Student athletes are formed to be champions of faith

On their retreat, the ’17-’18 cheerleaders committed to being joyful leaders of faith, guided by 1 Thessalonians 5:11 – “Therefore, encourage one another and build one another up, as indeed you do.”

By Glenda Meekins of the Florida Catholic staff – August 30, 2017

ORLANDO | Mass had ended and one by one, the Bishop Moore Catholic High School football players stood and approached the altar. They bent down and picked up a rock with the name of a team member written on it as well as their team motto: “1 Moore for the glory of God.” Then, they walked in silence from the locker room to the three white crosses at the far end of the field, praying as they went. They pray for the team member whose name is written on the stone they carry and will continue to pray for them throughout the week.

This is the third year of the “rock walk”. It all began two years ago when Amanda Livermore, director of mission effectiveness at Bishop Moore Catholic School in Orlando, and several coaches began offering retreats for some of their sports teams. The spiritual and team boost that ensued eventually led every team at Bishop Moore to begin each athletic season with a retreat.

“It’s bringing a lot of team building and bonding, connecting the athletes and coaches at a deeper level,” said Livermore. “It’s putting Christ at the heart of what they do, seeing that the sport in which they’re participating is an extension of using the gifts that God has given them. “We are all at our best when we are with Christ… they’re a better football player, or lacrosse player or whatever it is when Christ is at the foundation and a motivation for what they do.”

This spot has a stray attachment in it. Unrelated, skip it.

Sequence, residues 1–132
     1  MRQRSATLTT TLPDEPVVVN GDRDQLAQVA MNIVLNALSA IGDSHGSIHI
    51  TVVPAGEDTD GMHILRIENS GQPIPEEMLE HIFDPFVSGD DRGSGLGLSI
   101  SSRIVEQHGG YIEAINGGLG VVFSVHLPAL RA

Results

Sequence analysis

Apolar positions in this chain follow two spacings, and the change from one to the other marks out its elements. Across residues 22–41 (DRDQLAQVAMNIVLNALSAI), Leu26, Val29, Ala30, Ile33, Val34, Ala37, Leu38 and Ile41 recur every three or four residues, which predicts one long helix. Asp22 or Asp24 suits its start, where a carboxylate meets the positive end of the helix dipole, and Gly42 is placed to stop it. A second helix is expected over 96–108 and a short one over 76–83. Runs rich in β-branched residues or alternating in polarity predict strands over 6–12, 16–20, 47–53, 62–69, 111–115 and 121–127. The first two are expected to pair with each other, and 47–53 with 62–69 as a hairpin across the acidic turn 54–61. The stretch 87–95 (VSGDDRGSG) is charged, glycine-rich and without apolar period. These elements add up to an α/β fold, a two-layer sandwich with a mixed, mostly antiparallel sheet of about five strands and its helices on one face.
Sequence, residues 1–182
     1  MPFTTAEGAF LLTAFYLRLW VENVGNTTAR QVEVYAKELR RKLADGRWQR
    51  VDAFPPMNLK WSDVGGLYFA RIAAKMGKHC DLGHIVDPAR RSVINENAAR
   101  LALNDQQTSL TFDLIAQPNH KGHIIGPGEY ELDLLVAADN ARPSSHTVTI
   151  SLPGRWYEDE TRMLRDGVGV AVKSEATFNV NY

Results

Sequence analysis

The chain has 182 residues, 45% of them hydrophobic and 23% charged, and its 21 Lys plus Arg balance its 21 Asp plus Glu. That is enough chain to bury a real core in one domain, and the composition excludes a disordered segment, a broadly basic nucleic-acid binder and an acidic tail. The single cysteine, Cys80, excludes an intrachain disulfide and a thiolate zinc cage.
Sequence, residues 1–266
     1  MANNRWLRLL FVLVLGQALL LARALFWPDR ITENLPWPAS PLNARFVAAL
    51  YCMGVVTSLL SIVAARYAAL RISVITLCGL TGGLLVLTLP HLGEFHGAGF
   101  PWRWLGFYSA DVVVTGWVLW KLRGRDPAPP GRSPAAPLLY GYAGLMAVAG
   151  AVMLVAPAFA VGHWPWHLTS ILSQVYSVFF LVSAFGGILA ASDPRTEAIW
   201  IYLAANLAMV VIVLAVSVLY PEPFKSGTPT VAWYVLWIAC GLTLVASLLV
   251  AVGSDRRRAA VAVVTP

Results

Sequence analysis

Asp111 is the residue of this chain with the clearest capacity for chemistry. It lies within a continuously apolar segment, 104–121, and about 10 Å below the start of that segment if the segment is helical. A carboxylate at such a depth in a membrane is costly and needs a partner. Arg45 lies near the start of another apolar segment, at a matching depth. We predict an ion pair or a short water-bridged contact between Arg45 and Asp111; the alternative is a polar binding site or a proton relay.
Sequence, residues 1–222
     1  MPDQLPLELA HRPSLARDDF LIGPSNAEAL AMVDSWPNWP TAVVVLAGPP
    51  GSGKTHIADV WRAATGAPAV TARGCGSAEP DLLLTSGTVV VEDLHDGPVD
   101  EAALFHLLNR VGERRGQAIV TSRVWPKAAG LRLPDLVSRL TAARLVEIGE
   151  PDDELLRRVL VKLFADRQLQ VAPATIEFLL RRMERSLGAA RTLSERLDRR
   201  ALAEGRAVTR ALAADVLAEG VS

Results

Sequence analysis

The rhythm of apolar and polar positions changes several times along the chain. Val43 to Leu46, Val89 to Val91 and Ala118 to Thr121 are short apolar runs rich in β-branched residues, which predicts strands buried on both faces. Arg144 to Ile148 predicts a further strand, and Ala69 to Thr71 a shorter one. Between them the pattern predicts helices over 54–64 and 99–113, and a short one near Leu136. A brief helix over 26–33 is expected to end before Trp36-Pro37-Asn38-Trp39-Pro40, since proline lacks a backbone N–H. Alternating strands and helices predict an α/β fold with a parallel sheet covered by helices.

Bishop Moore is not the exception. Coaches in Catholic high schools across the diocese are leading students to make the connection between sports, daily life and faith. After being inducted into the Space Coast Sports Hall of Fame in May, Melbourne Catholic High School baseball coach Tom Dooley told the Florida Catholic, “Faith is a big part of our day here at Central Catholic. I truly want our players to know how fortunate they are to be able to attend school, play sports and include their faith each day.”

Dean of student life, athletic director and baseball coach for Trinity Catholic High School in Ocala, Tommy Bond agrees. He said, “We pray before and after games and try to invite other teams to participate with us when we can. I ask our coaches to share their faith with their teams since they are modeling that faith to their athletes.” Trinity Catholic and other schools also have team Masses during the year to kick off the season.

Being an example of lived faith is something that Melbourne Central Catholic athletic director Ed Henry, understands. His coaches pray for the athletes and are currently working with campus ministry so that each team does a service project. He said it’s important for them to get out into the community to give back what they have been given.

According to Livermore, the retreats have changed the culture of sports. “It goes beyond success on the court, but has created a family environment among the team.” Perhaps the volleyball teams’ quote for the season says it best: “growth is never by mere chance; it is the result of forces working together.”

Livermore said the hope is, “that they’ve had a personal encounter with Christ.” She pointed out, “If we can show them where Christ is in the midst of the things that are already very important to them, and in the midst of the relationships that they’ve already formed, then we can say, ‘ Jesus is here too and He loves that you’re doing this for Him.’ Now they know that when they invite Christ into the things that are important to them, they’re stronger; they’re better and that is, to us, the life lesson we want them to take from this.”